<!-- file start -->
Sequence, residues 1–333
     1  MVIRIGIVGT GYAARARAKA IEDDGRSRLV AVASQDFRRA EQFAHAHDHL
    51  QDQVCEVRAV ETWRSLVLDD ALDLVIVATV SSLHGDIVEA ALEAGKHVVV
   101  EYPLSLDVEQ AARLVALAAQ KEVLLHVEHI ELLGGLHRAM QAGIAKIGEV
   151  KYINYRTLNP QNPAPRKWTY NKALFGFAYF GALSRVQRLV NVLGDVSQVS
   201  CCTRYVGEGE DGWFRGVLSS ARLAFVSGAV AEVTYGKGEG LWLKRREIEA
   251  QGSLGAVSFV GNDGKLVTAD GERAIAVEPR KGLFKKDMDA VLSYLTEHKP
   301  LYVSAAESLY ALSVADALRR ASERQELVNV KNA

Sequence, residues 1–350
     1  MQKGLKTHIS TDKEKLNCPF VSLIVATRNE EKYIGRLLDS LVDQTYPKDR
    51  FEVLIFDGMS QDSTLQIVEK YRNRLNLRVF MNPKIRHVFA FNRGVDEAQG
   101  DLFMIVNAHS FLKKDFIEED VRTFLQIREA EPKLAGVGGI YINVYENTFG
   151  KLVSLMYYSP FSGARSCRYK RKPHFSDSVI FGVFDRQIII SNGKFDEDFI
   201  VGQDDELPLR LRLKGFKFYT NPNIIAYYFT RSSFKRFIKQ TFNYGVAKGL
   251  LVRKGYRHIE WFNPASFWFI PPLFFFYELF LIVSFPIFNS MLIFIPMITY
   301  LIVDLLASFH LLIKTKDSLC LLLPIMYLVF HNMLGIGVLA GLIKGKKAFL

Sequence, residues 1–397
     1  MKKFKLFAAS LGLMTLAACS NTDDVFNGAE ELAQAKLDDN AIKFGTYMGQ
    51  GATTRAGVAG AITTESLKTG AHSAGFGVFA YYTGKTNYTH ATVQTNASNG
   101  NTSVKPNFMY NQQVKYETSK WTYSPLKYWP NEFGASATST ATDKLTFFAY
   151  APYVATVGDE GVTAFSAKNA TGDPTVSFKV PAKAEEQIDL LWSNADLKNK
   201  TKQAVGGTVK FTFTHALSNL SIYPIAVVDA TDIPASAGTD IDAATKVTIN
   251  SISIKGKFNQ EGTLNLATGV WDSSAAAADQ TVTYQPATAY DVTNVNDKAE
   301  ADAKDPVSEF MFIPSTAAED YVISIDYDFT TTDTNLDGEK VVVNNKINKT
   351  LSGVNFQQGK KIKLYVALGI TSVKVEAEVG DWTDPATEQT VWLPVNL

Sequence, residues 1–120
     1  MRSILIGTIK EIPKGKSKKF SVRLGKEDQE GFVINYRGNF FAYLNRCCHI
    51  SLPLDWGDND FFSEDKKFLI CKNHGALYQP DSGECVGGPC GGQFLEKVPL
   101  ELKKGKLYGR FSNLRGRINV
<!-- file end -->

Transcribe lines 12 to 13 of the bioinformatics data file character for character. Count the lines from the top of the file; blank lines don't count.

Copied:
   101  DLFMIVNAHS FLKKDFIEED VRTFLQIREA EPKLAGVGGI YINVYENTFG
   151  KLVSLMYYSP FSGARSCRYK RKPHFSDSVI FGVFDRQIII SNGKFDEDFI